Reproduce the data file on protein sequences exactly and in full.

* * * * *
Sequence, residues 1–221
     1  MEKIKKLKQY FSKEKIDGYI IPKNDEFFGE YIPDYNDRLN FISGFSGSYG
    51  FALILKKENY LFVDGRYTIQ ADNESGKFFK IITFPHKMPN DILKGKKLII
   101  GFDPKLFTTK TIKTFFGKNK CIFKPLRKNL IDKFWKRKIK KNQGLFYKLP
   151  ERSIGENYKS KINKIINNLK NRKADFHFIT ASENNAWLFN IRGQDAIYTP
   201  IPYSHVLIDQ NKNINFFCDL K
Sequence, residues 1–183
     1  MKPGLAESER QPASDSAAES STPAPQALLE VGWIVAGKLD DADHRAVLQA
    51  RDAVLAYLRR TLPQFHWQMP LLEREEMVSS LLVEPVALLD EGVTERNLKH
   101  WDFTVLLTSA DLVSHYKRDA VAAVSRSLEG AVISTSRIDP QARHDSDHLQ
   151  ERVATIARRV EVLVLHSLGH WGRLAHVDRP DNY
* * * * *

Sequence, residues 1–221
     1  MEKIKKLKQY FSKEKIDGYI IPKNDEFFGE YIPDYNDRLN FISGFSGSYG
    51  FALILKKENY LFVDGRYTIQ ADNESGKFFK IITFPHKMPN DILKGKKLII
   101  GFDPKLFTTK TIKTFFGKNK CIFKPLRKNL IDKFWKRKIK KNQGLFYKLP
   151  ERSIGENYKS KINKIINNLK NRKADFHFIT ASENNAWLFN IRGQDAIYTP
   201  IPYSHVLIDQ NKNINFFCDL K
Sequence, residues 1–183
     1  MKPGLAESER QPASDSAAES STPAPQALLE VGWIVAGKLD DADHRAVLQA
    51  RDAVLAYLRR TLPQFHWQMP LLEREEMVSS LLVEPVALLD EGVTERNLKH
   101  WDFTVLLTSA DLVSHYKRDA VAAVSRSLEG AVISTSRIDP QARHDSDHLQ
   151  ERVATIARRV EVLVLHSLGH WGRLAHVDRP DNY